Is There Still Free Camping in Big Sur?
You may have heard that free camping is slowly disappearing in places such as Big Sur. This is disappointing and, in some cases, could have been avoided.
Some BLM (Bureau of Land Management) dispersed camping is going away. Unfortunately, it’s due to people leaving trash and harming the ecosystem. At the same time, other reasons include the sheer volume of RVers vying for campsites.
We want to encourage people to do their part and leave no trace. Free camping has been a privilege, and the RV community wants to keep it that way. So what about Big Sur? In this article, we let you know if it still has free camping.
Let’s dive in!
About Big Sur
Big Sur, California, is a natural masterpiece with cliffs cascading into blue waters. It’s a 90-mile stretch of coastline along Pacific Coast Highway 1 between Carmel and San Simeon. The Santa Lucia Mountains are to the west and the Pacific Ocean to the east.
Big Sur is an adventurer’s playground with camping, hiking, beachcombing, and surfing. It’s also a photographer’s dream, as it’s one of the most extended stretches of undeveloped coasts in the United States.
Plus, you may get a glimpse of significant sea life, including whales, in Monterey Bay.
Can You Take RVs to Big Sur?
You can take small RVs to Big Sur. However, we recommend not taking big rigs. For example, we would avoid taking a set up, RV and vehicle, longer than 35 feet. The roads are narrow and winding, making for some potentially harrowing turns.
In addition, you can only take an RV to some of the developed campgrounds in the area. There are state parks and private campgrounds in the area, but size restrictions may apply. Be sure to double-check their information before booking.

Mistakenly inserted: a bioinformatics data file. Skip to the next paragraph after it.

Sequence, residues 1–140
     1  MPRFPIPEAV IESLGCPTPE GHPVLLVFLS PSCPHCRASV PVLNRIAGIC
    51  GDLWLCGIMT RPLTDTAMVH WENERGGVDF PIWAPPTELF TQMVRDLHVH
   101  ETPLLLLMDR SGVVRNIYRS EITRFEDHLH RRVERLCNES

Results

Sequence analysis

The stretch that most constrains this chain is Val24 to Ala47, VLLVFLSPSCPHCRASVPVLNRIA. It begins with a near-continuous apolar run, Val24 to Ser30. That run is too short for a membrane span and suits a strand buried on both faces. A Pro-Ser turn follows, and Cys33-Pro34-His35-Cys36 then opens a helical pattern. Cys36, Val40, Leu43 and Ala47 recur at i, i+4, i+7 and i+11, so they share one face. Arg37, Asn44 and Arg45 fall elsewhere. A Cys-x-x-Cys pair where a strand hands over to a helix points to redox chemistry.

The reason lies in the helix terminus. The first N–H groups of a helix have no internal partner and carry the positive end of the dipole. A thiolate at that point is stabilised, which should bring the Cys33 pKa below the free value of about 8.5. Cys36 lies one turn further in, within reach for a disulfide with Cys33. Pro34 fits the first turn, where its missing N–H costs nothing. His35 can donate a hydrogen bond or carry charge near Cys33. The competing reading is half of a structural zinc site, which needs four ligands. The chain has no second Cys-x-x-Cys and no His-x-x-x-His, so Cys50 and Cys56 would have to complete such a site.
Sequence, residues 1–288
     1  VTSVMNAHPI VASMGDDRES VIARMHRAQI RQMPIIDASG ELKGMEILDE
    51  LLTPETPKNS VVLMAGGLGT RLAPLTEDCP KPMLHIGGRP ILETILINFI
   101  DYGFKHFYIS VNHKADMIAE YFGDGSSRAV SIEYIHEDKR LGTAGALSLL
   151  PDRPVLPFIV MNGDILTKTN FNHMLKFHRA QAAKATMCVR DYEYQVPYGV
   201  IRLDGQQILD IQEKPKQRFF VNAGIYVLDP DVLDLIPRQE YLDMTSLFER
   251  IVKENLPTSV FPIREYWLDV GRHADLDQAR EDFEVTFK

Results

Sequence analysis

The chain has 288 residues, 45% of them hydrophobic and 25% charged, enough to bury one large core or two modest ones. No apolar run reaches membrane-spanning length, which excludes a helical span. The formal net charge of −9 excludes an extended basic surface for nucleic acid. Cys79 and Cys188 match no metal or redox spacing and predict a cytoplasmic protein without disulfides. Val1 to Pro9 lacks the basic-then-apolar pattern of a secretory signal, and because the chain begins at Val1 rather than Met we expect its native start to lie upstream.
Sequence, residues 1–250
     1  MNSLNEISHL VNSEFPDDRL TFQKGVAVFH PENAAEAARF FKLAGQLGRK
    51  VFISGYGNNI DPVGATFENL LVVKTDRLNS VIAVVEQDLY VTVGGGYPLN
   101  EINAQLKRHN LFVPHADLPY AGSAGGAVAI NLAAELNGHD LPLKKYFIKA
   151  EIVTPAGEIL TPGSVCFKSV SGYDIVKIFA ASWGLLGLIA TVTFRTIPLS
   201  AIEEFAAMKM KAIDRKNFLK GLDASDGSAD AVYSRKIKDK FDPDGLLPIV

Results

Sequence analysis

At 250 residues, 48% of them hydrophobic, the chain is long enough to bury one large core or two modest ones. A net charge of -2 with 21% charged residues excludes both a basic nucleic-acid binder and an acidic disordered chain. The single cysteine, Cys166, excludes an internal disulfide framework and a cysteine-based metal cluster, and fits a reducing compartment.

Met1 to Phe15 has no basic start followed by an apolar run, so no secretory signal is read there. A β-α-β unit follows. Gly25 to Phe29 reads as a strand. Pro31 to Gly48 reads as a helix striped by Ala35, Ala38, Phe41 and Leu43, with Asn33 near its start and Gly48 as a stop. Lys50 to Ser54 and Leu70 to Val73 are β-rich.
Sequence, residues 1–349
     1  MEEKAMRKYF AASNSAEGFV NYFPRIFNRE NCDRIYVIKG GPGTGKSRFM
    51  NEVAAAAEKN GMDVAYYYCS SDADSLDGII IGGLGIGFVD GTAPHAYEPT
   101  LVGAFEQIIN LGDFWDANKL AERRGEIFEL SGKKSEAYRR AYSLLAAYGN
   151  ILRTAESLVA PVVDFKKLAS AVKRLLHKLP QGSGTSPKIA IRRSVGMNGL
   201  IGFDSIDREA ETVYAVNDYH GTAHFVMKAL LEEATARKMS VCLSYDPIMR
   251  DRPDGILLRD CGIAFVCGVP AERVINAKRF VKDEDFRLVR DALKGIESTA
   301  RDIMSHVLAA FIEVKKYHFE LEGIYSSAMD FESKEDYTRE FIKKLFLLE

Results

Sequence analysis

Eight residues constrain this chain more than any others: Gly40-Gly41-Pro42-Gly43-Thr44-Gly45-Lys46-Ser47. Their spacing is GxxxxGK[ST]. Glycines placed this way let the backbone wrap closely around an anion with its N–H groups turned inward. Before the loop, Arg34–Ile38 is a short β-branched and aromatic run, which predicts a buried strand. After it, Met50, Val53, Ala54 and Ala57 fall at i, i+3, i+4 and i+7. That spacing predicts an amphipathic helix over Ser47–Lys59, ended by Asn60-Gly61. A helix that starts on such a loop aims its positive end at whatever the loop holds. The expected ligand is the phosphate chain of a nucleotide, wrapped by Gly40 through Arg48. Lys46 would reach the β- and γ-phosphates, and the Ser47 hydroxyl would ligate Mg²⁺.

Is There Free Camping in Big Sur?
Free and dispersed campsites in Big Sur are available for tents only. Streamside camping is allowed in Big Sur Valley and oceanview. And bluff camping is available in the southern end of Big Sur.
Big Sur is a special place to the millions of people that visit annually. This means it’s more crowded than ever, making free camping for RVs a thing of the past. Be sure to practice sustainability while visiting to ensure people can enjoy the area for years to come.
Is There Dispersed Camping in Big Sur?
Unlike some areas in California, Monterey County prohibits camping along Highway 1 from the Carmel River to the Monterey-San Luis County line. Motorists and RVers can stop for temporary rest, but camping is not allowed, nor are campfires or BBQs. There is also no camping allowed alongside Nacimiento-Fergusson Road except in established campgrounds.
Pro Tip: Big Sur is a place sure to take your breath away. We found some of our favorite campgrounds and spilled all of our secrets here: These Big Sur Campgrounds Are Magical
How to Get A Campsite in Big Sur
To get a campsite at a state park or private campground in Big Sur, we have three words. Book in advance! The area is extremely popular, and making reservations is likely the only way to get a campsite.